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Date:         Mon, 8 Apr 2002 09:41:10 -0400
Reply-To:     Joe McCrary <joe.mccrary@GADATA.ORG>
Sender:       "SAS(r) Discussion" <SAS-L@LISTSERV.UGA.EDU>
From:         Joe McCrary <joe.mccrary@GADATA.ORG>
Subject:      Re: Are You a SAS Expert Test?
Comments: To: "James, Steve" <spj1@CDC.GOV>
Content-Type: text/plain; charset="iso-8859-1"

A few that I can think of:

1. Improperly sorted data (or unsorted data). 2. Different variable types (one numeric, one character). 3. Variables that are not being used to identify cases having the same name in both datasets, causing one to be overwritten (when you do not want that to happen).

-----Original Message----- From: James, Steve [mailto:spj1@CDC.GOV] Sent: Monday, April 08, 2002 9:38 AM To: SAS-L@LISTSERV.UGA.EDU Subject: Are You a SAS Expert Test?

Dear SAS-L I recently saw a job advertisement for a "SAS Expert." One way that they were requiring that you demonstrate your mastery of SAS is "Within SAS Base, you must be able to name 25 different ways that the datastep can go wrong in a merge statement. " Not that I'm interested in the job, but found their question intriguing. I couldn't come up with anywhere near 25 ways. I'm wondering if the collective wisdom of SAS-L can meet the requirement of this organization or if I'm just not as smart as I think I am. Unfortunately I don't know their counting criteria. I don't know if you include syntax errors. And if you count macro variables that resolve to one of the problems below, then you've essentially doubled your list. But I thought it be good fodder for a pre-SUGI week discussion within the group.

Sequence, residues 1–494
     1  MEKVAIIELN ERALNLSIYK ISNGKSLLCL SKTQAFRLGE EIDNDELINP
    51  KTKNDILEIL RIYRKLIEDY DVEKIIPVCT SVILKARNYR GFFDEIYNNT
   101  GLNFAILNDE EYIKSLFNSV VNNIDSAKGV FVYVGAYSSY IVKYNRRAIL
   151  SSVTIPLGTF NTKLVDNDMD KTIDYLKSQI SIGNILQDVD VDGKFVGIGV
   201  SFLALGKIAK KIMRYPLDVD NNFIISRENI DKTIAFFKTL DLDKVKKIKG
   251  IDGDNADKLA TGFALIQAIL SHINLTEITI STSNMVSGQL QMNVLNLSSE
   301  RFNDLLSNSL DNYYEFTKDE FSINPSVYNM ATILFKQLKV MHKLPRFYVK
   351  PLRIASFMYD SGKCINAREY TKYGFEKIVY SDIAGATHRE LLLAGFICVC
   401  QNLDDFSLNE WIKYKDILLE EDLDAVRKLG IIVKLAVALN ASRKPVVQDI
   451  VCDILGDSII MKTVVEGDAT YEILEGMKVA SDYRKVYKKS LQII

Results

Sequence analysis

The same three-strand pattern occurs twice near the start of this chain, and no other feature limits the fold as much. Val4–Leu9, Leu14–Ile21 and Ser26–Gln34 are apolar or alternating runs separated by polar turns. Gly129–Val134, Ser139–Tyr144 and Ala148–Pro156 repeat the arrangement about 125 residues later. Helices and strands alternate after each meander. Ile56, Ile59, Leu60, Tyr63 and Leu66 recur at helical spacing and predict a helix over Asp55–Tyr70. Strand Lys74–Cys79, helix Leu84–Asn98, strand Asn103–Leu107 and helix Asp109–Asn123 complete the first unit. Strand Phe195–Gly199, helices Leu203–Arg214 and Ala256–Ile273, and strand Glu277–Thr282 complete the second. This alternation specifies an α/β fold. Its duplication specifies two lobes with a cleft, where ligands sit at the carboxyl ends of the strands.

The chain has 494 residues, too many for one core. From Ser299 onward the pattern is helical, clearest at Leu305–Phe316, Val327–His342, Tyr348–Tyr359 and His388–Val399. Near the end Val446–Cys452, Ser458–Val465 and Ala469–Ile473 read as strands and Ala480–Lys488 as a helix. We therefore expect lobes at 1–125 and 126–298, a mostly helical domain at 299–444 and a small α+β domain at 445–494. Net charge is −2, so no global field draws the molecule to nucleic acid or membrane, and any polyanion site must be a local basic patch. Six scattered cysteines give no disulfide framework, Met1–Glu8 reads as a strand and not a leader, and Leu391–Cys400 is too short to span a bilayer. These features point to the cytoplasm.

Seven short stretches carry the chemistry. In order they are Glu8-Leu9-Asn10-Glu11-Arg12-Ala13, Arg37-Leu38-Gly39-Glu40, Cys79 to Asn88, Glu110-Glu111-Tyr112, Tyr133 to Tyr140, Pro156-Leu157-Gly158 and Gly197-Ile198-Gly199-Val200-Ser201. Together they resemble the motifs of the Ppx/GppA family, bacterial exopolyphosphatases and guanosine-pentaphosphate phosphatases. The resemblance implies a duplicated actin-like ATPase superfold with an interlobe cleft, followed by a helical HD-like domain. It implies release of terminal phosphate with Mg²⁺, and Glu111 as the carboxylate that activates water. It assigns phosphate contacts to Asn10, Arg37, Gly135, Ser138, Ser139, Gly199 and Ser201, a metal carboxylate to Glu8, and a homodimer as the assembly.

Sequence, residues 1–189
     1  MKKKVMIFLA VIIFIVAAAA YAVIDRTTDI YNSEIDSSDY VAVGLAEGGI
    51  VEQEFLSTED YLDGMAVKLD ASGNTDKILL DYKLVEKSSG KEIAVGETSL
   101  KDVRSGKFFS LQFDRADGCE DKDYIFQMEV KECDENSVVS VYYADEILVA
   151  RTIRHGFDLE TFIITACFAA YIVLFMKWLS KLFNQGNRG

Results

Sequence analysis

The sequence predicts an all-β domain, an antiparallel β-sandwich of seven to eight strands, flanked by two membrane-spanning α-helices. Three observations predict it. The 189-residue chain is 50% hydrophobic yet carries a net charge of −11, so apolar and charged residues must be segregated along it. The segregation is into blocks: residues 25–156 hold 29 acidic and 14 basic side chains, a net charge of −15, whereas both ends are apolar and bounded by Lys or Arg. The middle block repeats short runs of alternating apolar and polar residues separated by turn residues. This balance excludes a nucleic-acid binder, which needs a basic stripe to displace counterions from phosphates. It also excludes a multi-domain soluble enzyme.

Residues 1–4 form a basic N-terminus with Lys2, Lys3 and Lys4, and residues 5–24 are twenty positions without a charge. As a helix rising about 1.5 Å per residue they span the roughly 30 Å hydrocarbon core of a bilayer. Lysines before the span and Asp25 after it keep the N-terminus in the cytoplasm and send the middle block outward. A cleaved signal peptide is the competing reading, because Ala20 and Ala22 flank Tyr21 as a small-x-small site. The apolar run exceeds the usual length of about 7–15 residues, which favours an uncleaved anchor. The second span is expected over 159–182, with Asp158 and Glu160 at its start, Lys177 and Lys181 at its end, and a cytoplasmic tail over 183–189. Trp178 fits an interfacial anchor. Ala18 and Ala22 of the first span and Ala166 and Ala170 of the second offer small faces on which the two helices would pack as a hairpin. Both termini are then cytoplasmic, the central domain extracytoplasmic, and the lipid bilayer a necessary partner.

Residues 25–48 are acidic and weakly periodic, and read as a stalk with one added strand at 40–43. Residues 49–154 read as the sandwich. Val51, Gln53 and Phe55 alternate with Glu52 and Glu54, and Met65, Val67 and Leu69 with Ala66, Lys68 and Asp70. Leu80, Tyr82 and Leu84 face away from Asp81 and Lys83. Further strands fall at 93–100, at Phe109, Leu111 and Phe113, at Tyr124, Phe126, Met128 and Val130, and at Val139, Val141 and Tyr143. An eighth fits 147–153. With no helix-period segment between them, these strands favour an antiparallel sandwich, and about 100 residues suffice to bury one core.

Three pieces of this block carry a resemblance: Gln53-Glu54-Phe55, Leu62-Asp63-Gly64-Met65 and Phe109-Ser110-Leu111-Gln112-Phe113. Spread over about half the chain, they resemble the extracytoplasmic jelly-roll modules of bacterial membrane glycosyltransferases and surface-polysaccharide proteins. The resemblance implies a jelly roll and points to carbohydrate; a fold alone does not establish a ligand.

My List 1. No BY Statement 2. Missing semicolon: e.g. DATA ONE MERGE TWO THREE ; (Version 8 provides some help with this) 3. Insufficient space to store the resulting data set a. this can either be WORK or permanent storage. b. on MVS, this can either be not enough space allocated or unable to allocate any extents 4. Not handling the case when an obs from dataset A doesn't match an obs from dataset B and vice-versa. 5. Many-to-many merges 6. Data set index is deleted after dataset is recreated by a datastep. 7. No obs in one or more of the datasets. 8. Merging more than two datasets is problematic (I think) 9. OBS= option on dataset or system option can prevent all observations from being processed. 10. Mispelled variable name: either a BY variable or not. 11. One or both datasets not existing; mispelled dataset name ;

Steve James sjames@cdc.gov


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